If you’re a Reds fan and you’d rather simply relax, enjoy your Fourth of July holiday and see red, white an blue, instead of seeing just red, turn the dial to the right and get back to the family picnic. You won’t want to read the rest of this.
John Fay committed a important act of journalism this morning, writing a fabulous, thoroughly-researched article for the Cincinnati Enquirer about Joey Votto and his strained quad muscle. Fay interviewed several people, including an expert on sports injuries who analyzed Votto’s condition.
This post isn’t about that part of Fay’s article. But the short version (and you should definitely go read the entire article, every last word of it) is that the injury is going to limit Votto until he can take a long break to rest it. Longer than a regular DL stint. Quad strains are generally caused by overwork, usually from running. That’s why you apparently see them more often in soccer players than major league baseball players. That is, unless you’re Joey Votto, who likely conditioned his leg muscle to exhaustion. Preparing too hard.
But this post isn’t about that. It’s obvious from Fay’s reporting that Votto’s near-term future isn’t promising until his leg fully recovers. Sadly, that won’t be until 2015, unless he takes a couple of months off and tries to return for the post-season drive in September. Assuming there’s a post-season drive to come back to. Instead, expect the Reds first baseman to keep playing and get progressively weaker. Votto is already barely effective at the plate. He’ll get worse, though. And don’t expect another regular 15-day DL stint to work any better than the last one – which was 25 days long – from May 16 to June 10. And unlike his 2012 knee injury, there’s no indication the Reds have mismanaged this.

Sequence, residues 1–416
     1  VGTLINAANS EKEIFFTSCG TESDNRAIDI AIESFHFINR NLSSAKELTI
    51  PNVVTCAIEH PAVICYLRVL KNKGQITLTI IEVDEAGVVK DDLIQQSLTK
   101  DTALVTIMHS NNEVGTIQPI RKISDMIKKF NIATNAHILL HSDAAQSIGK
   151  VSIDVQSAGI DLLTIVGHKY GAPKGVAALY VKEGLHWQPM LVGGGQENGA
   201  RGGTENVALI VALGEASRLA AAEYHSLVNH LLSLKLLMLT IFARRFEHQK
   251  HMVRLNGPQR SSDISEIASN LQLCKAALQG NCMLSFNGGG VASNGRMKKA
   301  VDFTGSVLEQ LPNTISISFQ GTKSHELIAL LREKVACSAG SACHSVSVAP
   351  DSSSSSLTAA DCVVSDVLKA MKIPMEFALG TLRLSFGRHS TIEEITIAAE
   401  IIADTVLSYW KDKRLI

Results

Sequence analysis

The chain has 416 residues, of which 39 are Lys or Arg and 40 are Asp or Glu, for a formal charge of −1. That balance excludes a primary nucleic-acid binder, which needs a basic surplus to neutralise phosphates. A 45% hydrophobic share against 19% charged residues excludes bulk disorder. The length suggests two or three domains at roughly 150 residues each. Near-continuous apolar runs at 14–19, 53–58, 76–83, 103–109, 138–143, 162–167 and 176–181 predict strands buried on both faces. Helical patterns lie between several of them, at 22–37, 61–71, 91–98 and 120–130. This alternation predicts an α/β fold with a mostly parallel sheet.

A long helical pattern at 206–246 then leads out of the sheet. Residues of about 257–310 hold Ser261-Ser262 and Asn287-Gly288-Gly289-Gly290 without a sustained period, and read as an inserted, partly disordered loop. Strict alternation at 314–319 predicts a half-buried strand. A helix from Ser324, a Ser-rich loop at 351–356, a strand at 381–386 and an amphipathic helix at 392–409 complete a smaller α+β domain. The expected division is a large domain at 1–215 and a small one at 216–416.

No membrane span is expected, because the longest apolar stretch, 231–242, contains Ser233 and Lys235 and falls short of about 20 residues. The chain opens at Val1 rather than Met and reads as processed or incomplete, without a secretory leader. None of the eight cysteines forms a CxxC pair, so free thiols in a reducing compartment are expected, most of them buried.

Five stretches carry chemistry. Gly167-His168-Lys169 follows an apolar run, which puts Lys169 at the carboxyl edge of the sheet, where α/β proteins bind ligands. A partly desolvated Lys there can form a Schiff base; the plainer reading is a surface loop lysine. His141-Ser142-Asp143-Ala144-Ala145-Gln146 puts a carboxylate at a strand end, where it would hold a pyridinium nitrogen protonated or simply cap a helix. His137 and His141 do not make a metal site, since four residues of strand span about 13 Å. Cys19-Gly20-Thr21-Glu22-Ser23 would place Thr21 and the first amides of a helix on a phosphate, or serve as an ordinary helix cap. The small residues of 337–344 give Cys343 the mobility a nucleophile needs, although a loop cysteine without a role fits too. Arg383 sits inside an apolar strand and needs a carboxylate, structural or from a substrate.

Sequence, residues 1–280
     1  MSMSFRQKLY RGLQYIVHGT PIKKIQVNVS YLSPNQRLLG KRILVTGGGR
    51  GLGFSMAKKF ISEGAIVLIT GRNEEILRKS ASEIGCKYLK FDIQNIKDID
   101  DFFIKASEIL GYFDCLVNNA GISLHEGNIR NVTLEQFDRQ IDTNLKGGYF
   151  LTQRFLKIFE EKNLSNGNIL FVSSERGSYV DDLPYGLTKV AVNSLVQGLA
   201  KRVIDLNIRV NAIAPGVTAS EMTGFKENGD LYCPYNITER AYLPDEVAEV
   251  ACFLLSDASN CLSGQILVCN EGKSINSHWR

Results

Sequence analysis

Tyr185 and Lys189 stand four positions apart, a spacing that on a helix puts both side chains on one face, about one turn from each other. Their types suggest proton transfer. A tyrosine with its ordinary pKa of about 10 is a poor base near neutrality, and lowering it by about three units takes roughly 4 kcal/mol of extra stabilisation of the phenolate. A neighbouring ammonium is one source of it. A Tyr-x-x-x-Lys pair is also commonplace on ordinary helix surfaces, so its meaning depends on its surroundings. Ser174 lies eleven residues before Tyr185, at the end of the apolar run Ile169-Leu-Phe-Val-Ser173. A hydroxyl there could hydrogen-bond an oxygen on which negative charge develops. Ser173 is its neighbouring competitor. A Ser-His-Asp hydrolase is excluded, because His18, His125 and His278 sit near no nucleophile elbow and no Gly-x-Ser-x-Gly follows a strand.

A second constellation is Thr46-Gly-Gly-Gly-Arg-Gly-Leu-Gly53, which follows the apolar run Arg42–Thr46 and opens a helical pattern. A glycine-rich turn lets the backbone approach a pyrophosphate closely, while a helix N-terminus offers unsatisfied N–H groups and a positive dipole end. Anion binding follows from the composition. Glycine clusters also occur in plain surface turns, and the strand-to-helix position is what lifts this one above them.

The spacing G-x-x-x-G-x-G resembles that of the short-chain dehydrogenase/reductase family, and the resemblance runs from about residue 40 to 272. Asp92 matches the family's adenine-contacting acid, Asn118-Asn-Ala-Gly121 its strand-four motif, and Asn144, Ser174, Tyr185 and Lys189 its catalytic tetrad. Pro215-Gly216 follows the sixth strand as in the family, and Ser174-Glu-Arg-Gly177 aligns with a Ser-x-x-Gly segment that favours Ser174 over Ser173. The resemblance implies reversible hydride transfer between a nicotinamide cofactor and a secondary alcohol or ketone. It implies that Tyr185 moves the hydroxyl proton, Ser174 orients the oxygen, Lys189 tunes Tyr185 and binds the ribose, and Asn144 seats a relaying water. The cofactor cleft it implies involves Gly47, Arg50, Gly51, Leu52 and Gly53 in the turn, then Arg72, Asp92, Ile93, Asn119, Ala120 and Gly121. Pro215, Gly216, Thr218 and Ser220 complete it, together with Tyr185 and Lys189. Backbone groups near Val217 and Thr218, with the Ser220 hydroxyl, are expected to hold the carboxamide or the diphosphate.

But that isn’t what this post is about either.
The Reds will certainly — not probably — certainly need a replacement for Joey Votto for meaningful stretches of this year. He’ll either require numerous days off all season, or one or two more trips to the DL, or a two-month rest. No matter what, there is NO CONCEIVABLE CIRCUMSTANCE where the Reds won’t need another first baseman. Believing that it will somehow get better, or that it really isn’t bothering Votto or that this will work itself out would require an astonishing amount of reality denial.
So who do the Reds have that can replace Joey Votto? Fay aptly and succinctly summarizes the Reds situation this way:
The Reds have no ready replacement on the roster or in the minors.
The Cincinnati Reds, a professional baseball organization, a professional baseball organization with the pretense of competing for the post-season, does not have a ready second-string first baseman. Sure, if the Reds want to re-arrange the Diamond Seats on the Titanic, they can play Todd Frazier at first, only to endure the pain of Ramon Santiago (.196/.274/.214) playing third base. Most major league teams try to avoid playing third basemen who have only one extra base hit in 65 plate appearance. Incredibly, there’s no back up third baseman either, in the major leagues or minors.
Or the Reds could play the affable Brayan Peña at first base, as they have on occasion. The problem with that plan is that Peña has predictably cooled off considerably since his improbable hot start. His 2014 hitting (.257/.291/.386) is now awfully close to his career (.258/.292/.363) numbers. And he’s a catcher who has never played first base. And Peña is Johnny Cueto’s catching caddy. So what do the Reds do for a first baseman in those 20 percent of their games?
[Out of a sense of patriotism and deference on this national holiday, I won’t belabor the fact that I just made light of the Reds’ second string catcher for slashing .257/.291/.386, meanwhile the Reds’ clean-up hitter is batting .266/.297/.394. God Bless America.]
But the lack of replacement in the organization for Joey Votto still isn’t what this post is about. Or what has me seeing red today.